In the entire history of reviews of the handful of books that present aspects of the truth in the Earhart disappearance, only two are memorable. The first was the Sept. 16, 1966 Time magazine unbylined attack against Fred Goerner’s The Search for Amelia Earhart, titled “Sinister Conspiracy?” and still available online, though you have to subscribe to the source to see it now. My commentary about Time’s hit piece, “The Search for Amelia Earhart”: Setting the stage for 50 years of media deceit,” was posted June 21, 2016; you can read it by clicking here. Goerner, a KCBS radio personality in San Francisco, was the only real newsman to seriously investigate the Earhart case.
The only other significant review of an Earhart disappearance work was Jeffrey Hart’s examination of Vincent V. Loomis’ Amelia Earhart: The Final Story, which appeared in William F. Buckley’s National Review in the Oct. 18, 1985 issue, but is no longer available online.
Hart wasn’t an Earhart researcher, and his belief about the reason Earhart reached Mili is the same pure speculation that Loomis advanced. But Hart was a well-known establishment pundit, critic and columnist, and wrote for National Review for more than three decades, where he was senior editor. He wrote speeches for Ronald Reagan while he was governor of California, and for Richard Nixon. Now 88, Jeffrey Hart is professor emeritus of English at Dartmouth College, in Hanover, New Hampshire. No one of similar stature has ever written a review of an Earhart disappearance book.
I’ll have a bit more to say, but here is Jeffrey Hart’s review of Amelia Earhart: The Final Story, originally titled “The Rest of the Story.” Boldface is mine throughout.
AS A BOY I was thrilled with horror when Amelia Earhart disappeared somewhere out over the Pacific during the summer of 1937. She had been the first woman to fly the Atlantic, and now she and her navigator were trying to circle the globe at the equator. She rather disliked being called “Lady Lindy” by the press, because she wanted her own independent identity, but the odd thing was that she looked a little like Lindbergh: thin, with short hair and a wide grin, somehow quintessentially American.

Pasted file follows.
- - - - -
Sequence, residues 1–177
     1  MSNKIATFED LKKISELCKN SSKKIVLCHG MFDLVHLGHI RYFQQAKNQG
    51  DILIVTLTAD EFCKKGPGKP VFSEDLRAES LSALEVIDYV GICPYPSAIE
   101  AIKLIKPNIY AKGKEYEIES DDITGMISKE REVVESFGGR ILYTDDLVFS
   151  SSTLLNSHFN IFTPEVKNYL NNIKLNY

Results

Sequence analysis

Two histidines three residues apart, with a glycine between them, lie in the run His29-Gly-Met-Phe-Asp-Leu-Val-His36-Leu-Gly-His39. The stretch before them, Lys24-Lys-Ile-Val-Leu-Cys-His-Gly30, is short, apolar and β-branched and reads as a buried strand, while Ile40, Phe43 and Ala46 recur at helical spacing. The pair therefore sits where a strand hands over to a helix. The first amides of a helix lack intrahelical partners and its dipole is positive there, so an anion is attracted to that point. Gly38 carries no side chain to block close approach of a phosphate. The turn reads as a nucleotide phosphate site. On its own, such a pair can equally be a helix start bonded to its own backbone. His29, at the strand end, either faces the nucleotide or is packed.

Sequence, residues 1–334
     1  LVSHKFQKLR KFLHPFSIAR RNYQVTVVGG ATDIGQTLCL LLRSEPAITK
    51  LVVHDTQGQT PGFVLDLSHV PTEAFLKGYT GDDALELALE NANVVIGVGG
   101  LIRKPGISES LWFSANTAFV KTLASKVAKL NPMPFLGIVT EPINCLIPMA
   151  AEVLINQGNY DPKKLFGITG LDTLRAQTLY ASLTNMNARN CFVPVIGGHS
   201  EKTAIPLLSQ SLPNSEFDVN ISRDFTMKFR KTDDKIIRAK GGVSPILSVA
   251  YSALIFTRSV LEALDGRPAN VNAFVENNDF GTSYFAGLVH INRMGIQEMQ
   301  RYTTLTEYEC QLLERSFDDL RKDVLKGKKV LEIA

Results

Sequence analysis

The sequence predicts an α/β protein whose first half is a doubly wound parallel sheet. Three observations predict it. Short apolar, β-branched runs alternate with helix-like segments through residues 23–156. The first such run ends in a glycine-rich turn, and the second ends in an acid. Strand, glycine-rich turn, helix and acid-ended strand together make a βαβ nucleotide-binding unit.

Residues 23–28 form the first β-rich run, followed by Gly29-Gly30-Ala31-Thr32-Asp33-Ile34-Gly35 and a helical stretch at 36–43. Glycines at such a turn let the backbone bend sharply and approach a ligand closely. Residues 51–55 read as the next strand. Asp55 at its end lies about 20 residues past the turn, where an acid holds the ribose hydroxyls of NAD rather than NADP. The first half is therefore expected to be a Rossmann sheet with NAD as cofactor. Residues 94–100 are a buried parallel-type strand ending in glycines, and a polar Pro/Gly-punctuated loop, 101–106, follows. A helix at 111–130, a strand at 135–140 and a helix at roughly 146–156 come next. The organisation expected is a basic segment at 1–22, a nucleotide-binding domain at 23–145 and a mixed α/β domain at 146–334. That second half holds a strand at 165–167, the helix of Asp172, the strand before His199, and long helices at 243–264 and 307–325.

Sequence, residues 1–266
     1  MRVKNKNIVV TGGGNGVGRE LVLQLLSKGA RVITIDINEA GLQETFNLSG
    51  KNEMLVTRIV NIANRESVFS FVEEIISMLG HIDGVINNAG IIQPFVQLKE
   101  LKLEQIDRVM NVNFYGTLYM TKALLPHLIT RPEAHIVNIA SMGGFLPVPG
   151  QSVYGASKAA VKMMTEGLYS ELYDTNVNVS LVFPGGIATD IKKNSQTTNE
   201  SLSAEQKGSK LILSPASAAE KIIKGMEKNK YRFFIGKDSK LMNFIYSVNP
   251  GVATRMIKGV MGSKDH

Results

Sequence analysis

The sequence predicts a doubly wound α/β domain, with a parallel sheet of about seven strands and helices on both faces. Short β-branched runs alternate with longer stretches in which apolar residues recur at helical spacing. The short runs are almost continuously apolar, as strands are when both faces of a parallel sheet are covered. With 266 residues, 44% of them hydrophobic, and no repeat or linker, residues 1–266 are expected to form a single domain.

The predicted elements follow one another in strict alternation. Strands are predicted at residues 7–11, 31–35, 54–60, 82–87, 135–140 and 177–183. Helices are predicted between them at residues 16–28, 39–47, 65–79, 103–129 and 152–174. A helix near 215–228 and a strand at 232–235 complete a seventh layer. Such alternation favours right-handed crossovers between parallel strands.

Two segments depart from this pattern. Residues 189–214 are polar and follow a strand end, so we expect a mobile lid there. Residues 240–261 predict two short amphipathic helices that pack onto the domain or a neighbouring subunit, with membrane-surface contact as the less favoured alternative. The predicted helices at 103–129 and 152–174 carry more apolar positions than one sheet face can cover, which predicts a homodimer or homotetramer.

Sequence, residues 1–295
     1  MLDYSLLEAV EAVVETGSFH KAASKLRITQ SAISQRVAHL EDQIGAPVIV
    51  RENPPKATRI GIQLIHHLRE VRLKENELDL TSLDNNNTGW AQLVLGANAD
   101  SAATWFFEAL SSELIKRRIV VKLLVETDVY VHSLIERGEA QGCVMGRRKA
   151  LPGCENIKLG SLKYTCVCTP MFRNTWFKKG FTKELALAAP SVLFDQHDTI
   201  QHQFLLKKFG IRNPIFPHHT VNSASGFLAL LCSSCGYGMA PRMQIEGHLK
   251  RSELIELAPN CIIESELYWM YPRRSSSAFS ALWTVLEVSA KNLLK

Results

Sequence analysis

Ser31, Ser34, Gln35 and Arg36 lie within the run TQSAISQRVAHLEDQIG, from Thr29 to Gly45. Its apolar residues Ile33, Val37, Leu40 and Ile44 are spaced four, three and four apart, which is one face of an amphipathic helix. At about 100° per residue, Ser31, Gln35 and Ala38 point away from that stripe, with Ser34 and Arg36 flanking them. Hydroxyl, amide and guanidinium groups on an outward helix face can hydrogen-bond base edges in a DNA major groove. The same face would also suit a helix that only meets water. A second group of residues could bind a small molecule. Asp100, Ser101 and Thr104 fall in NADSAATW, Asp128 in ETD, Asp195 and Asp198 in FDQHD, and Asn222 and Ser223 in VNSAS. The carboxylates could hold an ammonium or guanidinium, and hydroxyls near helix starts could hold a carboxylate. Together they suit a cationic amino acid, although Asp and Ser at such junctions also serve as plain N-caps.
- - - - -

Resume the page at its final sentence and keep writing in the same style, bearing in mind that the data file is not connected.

On her last flight she and her navigator Fred Noonan, flew an advanced-model twin-engine aluminum Electra specially designed for the trip. It was known to the press as the “Flying Laboratory.” On July 2, 1937, all contact with the plane was lost, and searches by U.S. ships and planes failed to turn up any trace of Miss Earhart, Noonan, or the plane. As far as anyone at the time knew, they had simply disappeared into that vast blueness, like Hart Crane off the Orizzaba.
It turns out that Amelia Earhart and Fred Noonan were the first casualties of the coming Pacific war with the Japanese. Vincent Loomis, a former USAF pilot with extensive Pacific experience, became fascinated with the Earhart mystery and made it his business to solve it, which he had done. lt is a remarkable, enormously romantic, and heartbreaking story. Loomis went to the Pacific, traveled around the relevant islands, and found natives who had seen the plane crash and had seen Amelia Earhart and Fred Noonan. He interviewed the surviving Japanese who were involved, and he photographed the hitherto unknown Japanese military and diplomatic documents. The mystery is a mystery no longer.
For all her frame and accomplishments, Amelia Earhart was an innocent flying out over the Pacific. She and Noonan were also incompetent navigators and did not know how to work their state-of-the-art equipment. They were thus more than a hundred miles off course flying right into the middle of the secret war plans of the Japanese empire* when they ran out of fuel and had to ditch the Electra. (Editor’s note: Amelia never claimed to be a navigator at all, but Noonan was recognized as among the best in the world at the time of the final flight.)